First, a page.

Darcey Bussell to front BBC’s search for UK’s best young dancer

BBC is devoting year of programming to music and dance including how to make a pop song and ballet documentaries

The BBC is devoting a year of specially commissioned programming to the worlds of music and dance, from the arias of La Traviata to the acclaimed BalletBoyz and banjo-toting hillbillies, as part of director general Tony Hall’s promise to increase the corporation’s commitment to the arts.

Among the new shows will be the launch of a dance talent contest, BBC Young Dancer 2015, as well as documentaries examining everything from the origins of ballet, how to make a pop song and the story of contemporary dance. Footage will be broadcast of the BalletBoyz award-winning show at London’s Roundhouse last year.

Hall, who in March last year promised the “strongest commitment to the arts in a generation”, said the Year of Song and Dance 2015 was “bold, imaginative and it is exactly what the BBC should be doing”.

Launching the season at Sadlers Wells, he said: “I’m here because dance, song, art in its broadest sense, matter hugely to me and I know how much the BBC can offer the arts world and also our viewers when it comes to doing something really bold … The BBC acting as a creator but also an enabler, working with some of the really talented people in the arts and culture more broadly. It’s one of those things I love, which is all parts of the BBC coming together to do bigger things. This is about putting artists centre stage.”

Other commissions include Petula Clarke exploring the magic behind the French chanson, meeting artists such as Jane Birkin, while composer and musician Neil Brand will examine the makings of a pop masterpiece, including songs from Elvis Presley to The Beatles. American comedian Reginald D Hunter will embark on a road trip from North Carolina to New Orleans to journey through the songs of the American South.

BBC Young Dancer 2015, which will begin in April, will see future talent compete in four categories of dance – ballet, hip-hop, South Asian and Contemporary, with the final to be aired on BBC Two in May.

Retired ballerina, and current Strictly Come Dancing judge Darcey Bussell was announced as a co-presenter and dance expert on the show, while others on the judging panel will include ballet Star Carlos Acosta and acclaimed choreographer and dancer Matthew Bourne. The contest is open to dancers under 20.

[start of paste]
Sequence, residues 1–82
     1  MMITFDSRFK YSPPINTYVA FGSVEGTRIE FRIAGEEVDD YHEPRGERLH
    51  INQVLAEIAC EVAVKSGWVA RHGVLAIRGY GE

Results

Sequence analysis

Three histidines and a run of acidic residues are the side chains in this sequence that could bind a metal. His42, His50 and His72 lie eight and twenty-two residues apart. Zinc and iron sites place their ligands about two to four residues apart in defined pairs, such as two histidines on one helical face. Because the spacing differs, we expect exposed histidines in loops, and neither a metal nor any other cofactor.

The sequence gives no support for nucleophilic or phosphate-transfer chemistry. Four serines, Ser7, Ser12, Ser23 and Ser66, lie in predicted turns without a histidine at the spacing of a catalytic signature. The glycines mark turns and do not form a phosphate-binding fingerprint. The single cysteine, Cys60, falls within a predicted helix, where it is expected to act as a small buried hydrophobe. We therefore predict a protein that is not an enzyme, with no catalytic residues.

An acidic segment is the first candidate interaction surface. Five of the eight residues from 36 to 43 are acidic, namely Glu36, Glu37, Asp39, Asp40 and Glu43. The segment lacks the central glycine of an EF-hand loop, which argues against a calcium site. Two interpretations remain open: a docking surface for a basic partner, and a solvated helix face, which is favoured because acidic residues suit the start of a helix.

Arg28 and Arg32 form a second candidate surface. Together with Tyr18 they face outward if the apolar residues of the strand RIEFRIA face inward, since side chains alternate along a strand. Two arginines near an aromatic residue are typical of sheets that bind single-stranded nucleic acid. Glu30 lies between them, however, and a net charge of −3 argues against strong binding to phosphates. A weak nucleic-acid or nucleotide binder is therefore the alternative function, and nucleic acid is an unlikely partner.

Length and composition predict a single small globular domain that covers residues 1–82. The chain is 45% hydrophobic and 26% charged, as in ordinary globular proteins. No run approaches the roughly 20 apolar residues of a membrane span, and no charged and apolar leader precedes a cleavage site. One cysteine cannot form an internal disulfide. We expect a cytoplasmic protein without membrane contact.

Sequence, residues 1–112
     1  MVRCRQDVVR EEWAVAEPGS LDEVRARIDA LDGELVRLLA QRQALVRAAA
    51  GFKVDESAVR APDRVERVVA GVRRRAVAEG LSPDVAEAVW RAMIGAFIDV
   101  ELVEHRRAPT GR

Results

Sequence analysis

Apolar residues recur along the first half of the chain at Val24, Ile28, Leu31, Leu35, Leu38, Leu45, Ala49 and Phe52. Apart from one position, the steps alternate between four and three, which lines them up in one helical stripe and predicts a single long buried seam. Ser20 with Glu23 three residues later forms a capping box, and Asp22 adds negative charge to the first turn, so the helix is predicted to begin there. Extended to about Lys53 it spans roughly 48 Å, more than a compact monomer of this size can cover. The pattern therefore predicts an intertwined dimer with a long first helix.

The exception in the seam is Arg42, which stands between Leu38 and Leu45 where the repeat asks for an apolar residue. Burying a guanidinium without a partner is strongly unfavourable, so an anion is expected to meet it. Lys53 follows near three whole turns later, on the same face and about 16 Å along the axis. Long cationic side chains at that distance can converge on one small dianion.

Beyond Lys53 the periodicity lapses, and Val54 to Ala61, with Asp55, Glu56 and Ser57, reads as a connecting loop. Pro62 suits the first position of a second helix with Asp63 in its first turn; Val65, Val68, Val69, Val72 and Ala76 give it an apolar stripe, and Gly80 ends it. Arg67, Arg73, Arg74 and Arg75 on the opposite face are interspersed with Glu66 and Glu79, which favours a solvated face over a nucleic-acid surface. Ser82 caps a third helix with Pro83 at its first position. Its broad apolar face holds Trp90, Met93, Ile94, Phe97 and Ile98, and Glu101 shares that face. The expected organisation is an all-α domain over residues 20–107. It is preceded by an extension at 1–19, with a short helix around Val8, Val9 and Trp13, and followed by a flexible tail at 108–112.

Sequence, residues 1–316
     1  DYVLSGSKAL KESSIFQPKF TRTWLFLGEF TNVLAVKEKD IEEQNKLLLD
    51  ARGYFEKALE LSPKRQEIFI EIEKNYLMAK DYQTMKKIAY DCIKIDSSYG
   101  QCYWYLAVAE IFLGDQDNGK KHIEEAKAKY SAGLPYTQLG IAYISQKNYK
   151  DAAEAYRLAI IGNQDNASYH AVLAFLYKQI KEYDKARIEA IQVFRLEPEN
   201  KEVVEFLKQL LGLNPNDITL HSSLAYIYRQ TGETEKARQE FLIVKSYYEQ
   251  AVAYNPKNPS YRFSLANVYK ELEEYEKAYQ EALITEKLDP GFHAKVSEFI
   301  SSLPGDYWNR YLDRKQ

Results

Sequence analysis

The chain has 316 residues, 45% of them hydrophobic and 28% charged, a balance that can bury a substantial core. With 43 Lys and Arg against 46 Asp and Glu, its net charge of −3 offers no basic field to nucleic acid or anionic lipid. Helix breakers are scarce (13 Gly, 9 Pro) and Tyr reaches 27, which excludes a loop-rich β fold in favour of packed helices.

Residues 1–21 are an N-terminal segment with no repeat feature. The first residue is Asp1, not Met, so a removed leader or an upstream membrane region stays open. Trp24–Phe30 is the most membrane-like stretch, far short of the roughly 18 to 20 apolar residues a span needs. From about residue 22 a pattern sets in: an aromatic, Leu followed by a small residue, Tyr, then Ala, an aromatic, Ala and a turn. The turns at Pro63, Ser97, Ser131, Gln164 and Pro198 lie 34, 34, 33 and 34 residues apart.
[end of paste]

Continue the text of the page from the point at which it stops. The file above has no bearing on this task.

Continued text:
“Dance and music play such a significant role in people’s lives, and the BBC is unique in being able to offer such a fantastic platform to new young talent, which is why I wanted to be involved in BBC Young Dancer,” said Bussell. “It will let the audience, the world, see the work, the sweat, the passion, the extraordinary discipline that you need to excel in this art and I am very excited.”

She was echoed by Kenneth Tharp, chief executive of The Place who will also sit on the judging panel. Tharp said: “I believe we are fast becoming a dancing nation. One of the wonderful things about dancing in the UK is its richness and diversity and by putting the four categories of dance – ballet, contemporary dance, hip hop and south Asian – on equal footing, the BBC is helping to raise the bar of how dance is seen and understood within the UK’s diverse cultural landscape. I hope this year will help us all to appreciate that lives without song and dance would be very, very dull indeed.”Cassian Harrison, channel editor of BBC Four, said he wanted this year to make a strong statement about the BBC’s commitment to the arts.

“I think the BBC has a really big role to play in bringing the arts to the general public, I think it is a really important part of what the BBC is about” he said. “Song and dance are possible two of the most democratic art forms, we can all, and we have all, had a go. But I don’t feel our mandate is to try to persuade or popularise particular modes of art. The BBC isn’t there to try to engineer social change and attitudes, what we are there to do is to provide things that people have a real passion and an interest in.”

He added: “Inevitably, more people are interested in pop music and Rihanna than they possibly are in opera but that doesn’t mean the BBC shouldn’t not be doing opera in the same way it shouldn’t not be doing Rihanna. But beyond that, in dedicating a year to song and dance our goal is to try to make this content seems as accessible as possible.”

Amanda Vickery and Tom Service will present a programme about the real-life drama behind one of the world’s most popular operas – Verdi’s La Traviata – on BBC Four.


Hannah Ellis-Petersen

The GuardianTramp

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